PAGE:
"The son attracts smallpox and dies, which is one of the worst ways to die and something he never forgave himself for."
New Hampshire-based Burns is known to work on several projects at once - he rapidly rattles off several future films on the docket for PBS, including one slated for September called "The U.S. and the Holocaust," another on the history of the buffalo and others focusing on Leonardo Da Vinci and youth mental health.
But the documentary he "very, very, very much" wants to do is one on former President Obama.
"He represents such an interesting story. Just the rise itself is so interesting," Burns says of the 44th commander in chief. However, an Obama film, which he says ideally the ex-president would participate in, will likely have to wait: "The passage of time permits us to do it right and to be considered about it and thoughtful about it."
Burns says he's less interested in making a film about Obama's successor.
"I want to get 15, 20, 25 years away from the subject and then look back on it if I was going to do it," he says of potentially crafting a documentary on former President Trump. A filmmaker would have to "consider what it was in the Obama years that permitted Trump," Burns says. "Because I don't think you get Trump if you don't have Obama."
He'd also want to "get pretty far away" from last year's deadly Jan. 6 riot at the Capitol by Trump supporters before detailing it in his signature documentary style.
"You don't know what happens in the midterms and, more importantly, what happens in ."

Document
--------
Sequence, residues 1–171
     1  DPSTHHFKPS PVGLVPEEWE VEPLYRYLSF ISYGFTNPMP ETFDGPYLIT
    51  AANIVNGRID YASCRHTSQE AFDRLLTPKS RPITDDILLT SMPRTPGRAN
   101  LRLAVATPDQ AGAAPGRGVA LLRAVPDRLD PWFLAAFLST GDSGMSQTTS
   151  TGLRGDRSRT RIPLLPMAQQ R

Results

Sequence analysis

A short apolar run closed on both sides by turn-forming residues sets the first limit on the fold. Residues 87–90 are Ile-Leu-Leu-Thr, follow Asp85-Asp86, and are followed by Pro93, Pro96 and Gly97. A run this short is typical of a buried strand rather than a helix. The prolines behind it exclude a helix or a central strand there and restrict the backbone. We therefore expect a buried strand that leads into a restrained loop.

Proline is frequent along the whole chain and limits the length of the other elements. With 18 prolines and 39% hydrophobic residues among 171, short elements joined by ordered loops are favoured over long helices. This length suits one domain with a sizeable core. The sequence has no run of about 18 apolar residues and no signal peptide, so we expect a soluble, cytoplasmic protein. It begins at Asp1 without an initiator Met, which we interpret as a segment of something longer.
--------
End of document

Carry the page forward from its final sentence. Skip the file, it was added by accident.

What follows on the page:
A critic of Trump - without naming him in a 2016 Stanford University commencement speech, he called out the then-Republican presidential nominee as "glaringly not qualified" and a "terrifying Orwellian statesman" - Burns says he's still exhaling now that President Biden is in office.
"Can you imagine what the last week would be like if Trump were still there? Holy Toledo," Burns exclaims, referring to Russia's invasion of Ukraine. There's an "adult" in office with Biden, Burns says. "He's not an insecure child."
Despite his own views, Burns insists, "I don't put any of my political stuff into the films."
"In public television, we're bending over backwards to be fair and to speak to everybody. And the last thing I want to do is speak to the converted. But I'm still a citizen and I still have opinions."
Asked how he predicts history will judge Biden, Burns replies, "Boy, historians make lousy prognosticators."
"Let's also remember that history is a malleable thing," he says. "People have to understand you need the perspective."
"The person who seemed just like completely terrible, all of a sudden turns out to be rather principled. You get people in history that get rehabilitated, and then it changes all the time. People get forgotten, too."
So what would Burns name a documentary about this current, politically fractured moment in American history?
"I don't know," he pauses, before letting out a laugh. "In PBS we're not allowed to use obscenities."
-Updated at 10:03 a.m.